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Life of Antony (Greek & Latin Classics)

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Pelling presents the Greek text of Plutarch's Life of Antony, a work remarkable for its colorful narrative and vivid characterization of Antony and Cleopatra. Although mostly concerned with the literary merit of the Life, the text is accompanied by an extensive introduction that sets the work in its historical perspective and by detailed commentary that explains points of Pelling presents the Greek text of Plutarch's Life of Antony, a work remarkable for its colorful narrative and vivid characterization of Antony and Cleopatra. Although mostly concerned with the literary merit of the Life, the text is accompanied by an extensive introduction that sets the work in its historical perspective and by detailed commentary that explains points of linguistic difficulty. Especially interesting is Pelling's discussion of the influence of the Life on Shakespeare's Antony and Cleopatra, whose conception of the character and destiny of its protagonist is almost wholly shaped by Plutarch's work.


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Pelling presents the Greek text of Plutarch's Life of Antony, a work remarkable for its colorful narrative and vivid characterization of Antony and Cleopatra. Although mostly concerned with the literary merit of the Life, the text is accompanied by an extensive introduction that sets the work in its historical perspective and by detailed commentary that explains points of Pelling presents the Greek text of Plutarch's Life of Antony, a work remarkable for its colorful narrative and vivid characterization of Antony and Cleopatra. Although mostly concerned with the literary merit of the Life, the text is accompanied by an extensive introduction that sets the work in its historical perspective and by detailed commentary that explains points of linguistic difficulty. Especially interesting is Pelling's discussion of the influence of the Life on Shakespeare's Antony and Cleopatra, whose conception of the character and destiny of its protagonist is almost wholly shaped by Plutarch's work.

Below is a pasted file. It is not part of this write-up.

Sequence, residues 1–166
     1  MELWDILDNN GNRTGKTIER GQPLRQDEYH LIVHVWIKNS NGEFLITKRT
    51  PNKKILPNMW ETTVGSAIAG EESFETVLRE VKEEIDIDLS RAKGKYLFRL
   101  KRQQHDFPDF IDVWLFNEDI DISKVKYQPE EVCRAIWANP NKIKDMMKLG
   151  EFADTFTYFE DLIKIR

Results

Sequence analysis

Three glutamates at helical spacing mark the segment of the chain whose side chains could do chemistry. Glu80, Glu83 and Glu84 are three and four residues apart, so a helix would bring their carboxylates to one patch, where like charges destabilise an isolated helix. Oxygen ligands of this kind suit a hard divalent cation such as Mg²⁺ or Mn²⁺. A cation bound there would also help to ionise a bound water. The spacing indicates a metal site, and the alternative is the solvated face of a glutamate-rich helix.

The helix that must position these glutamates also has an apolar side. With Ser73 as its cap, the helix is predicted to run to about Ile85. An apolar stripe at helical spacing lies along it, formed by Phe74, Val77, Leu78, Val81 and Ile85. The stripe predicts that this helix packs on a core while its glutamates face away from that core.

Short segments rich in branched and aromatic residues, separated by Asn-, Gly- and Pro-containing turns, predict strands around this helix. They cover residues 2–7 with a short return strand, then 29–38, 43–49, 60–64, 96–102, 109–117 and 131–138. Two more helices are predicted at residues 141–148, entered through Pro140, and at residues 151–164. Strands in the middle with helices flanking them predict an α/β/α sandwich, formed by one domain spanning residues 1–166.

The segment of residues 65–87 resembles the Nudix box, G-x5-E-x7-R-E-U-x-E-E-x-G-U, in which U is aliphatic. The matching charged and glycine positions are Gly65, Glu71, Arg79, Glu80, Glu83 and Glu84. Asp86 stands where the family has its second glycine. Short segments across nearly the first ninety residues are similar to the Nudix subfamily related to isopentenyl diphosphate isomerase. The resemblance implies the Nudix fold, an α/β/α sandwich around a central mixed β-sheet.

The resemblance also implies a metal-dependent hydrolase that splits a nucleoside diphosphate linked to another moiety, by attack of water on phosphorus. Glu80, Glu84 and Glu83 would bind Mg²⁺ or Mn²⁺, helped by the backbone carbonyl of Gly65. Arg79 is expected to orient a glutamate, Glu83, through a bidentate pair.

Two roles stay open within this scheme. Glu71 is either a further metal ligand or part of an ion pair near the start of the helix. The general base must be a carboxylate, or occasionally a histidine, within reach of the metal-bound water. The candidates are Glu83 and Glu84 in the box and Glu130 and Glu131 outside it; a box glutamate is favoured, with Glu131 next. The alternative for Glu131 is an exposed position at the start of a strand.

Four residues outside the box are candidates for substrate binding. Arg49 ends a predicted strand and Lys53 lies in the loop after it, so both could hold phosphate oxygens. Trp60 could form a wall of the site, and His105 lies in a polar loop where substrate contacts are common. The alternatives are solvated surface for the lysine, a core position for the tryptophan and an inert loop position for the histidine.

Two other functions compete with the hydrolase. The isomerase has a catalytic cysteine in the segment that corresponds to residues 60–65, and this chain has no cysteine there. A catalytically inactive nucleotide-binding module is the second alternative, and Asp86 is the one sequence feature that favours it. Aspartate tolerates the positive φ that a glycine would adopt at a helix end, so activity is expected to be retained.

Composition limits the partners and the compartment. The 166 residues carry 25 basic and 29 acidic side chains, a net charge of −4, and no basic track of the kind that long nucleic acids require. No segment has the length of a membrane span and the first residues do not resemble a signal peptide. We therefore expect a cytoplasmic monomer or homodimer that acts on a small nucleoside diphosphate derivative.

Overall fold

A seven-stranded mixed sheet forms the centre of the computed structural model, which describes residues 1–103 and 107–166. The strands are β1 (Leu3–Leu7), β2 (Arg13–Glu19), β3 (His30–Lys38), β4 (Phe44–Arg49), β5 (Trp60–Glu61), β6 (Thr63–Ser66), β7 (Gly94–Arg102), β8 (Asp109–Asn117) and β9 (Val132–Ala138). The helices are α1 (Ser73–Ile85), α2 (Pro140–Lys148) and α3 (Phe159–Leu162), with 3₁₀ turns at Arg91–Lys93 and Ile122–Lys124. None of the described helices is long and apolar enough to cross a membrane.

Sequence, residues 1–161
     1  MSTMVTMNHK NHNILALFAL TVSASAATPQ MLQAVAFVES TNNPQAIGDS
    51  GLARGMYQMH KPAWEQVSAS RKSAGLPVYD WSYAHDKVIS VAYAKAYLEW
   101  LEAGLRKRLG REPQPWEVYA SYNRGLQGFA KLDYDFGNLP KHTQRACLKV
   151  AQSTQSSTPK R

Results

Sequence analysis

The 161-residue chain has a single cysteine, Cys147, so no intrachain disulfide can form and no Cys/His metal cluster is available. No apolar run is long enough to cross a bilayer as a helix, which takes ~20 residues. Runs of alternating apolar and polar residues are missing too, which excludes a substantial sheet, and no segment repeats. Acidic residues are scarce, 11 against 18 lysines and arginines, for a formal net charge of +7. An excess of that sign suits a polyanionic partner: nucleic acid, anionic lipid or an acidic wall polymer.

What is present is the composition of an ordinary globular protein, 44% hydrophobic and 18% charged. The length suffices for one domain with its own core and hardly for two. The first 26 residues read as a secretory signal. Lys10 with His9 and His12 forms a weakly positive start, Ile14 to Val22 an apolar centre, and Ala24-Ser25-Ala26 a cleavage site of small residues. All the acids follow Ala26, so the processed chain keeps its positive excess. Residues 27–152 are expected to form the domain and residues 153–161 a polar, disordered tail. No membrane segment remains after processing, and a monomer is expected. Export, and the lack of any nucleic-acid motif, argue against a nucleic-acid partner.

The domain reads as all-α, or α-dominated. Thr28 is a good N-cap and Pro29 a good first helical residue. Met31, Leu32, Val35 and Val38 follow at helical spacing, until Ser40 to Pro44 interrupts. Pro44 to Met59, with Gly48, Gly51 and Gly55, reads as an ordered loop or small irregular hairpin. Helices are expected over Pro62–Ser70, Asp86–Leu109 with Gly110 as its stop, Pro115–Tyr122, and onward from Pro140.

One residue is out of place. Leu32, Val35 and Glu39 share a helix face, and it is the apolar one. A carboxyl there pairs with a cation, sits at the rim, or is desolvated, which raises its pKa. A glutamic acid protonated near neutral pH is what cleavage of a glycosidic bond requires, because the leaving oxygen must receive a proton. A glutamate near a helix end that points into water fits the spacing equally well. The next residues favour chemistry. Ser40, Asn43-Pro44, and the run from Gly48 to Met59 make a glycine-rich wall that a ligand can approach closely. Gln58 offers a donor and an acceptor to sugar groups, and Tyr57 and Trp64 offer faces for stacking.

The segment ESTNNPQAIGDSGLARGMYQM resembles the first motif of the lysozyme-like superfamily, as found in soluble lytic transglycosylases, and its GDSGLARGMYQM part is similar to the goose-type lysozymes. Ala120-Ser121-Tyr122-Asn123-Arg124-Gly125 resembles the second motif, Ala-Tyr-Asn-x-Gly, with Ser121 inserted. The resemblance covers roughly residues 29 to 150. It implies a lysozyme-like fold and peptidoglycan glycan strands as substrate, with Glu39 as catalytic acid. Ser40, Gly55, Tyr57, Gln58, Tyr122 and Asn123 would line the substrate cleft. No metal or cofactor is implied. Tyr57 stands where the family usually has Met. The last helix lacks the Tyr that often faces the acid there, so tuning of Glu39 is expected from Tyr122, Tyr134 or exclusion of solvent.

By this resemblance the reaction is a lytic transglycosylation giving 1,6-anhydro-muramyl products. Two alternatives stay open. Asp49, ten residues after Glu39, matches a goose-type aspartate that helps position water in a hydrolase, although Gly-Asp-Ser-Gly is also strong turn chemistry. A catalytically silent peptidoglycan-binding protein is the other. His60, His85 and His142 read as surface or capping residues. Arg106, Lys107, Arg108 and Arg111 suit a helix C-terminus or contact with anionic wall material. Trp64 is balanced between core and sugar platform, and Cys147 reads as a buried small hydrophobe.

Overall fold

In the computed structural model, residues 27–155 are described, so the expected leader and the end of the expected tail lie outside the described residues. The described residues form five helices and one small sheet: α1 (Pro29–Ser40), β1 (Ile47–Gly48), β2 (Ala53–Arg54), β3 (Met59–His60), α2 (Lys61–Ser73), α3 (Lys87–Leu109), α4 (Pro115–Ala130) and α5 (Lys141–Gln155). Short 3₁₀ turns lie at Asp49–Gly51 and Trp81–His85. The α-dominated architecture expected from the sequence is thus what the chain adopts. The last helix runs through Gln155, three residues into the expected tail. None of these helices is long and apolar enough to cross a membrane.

30 review for Life of Antony (Greek & Latin Classics)

  1. 5 out of 5

    David Sarkies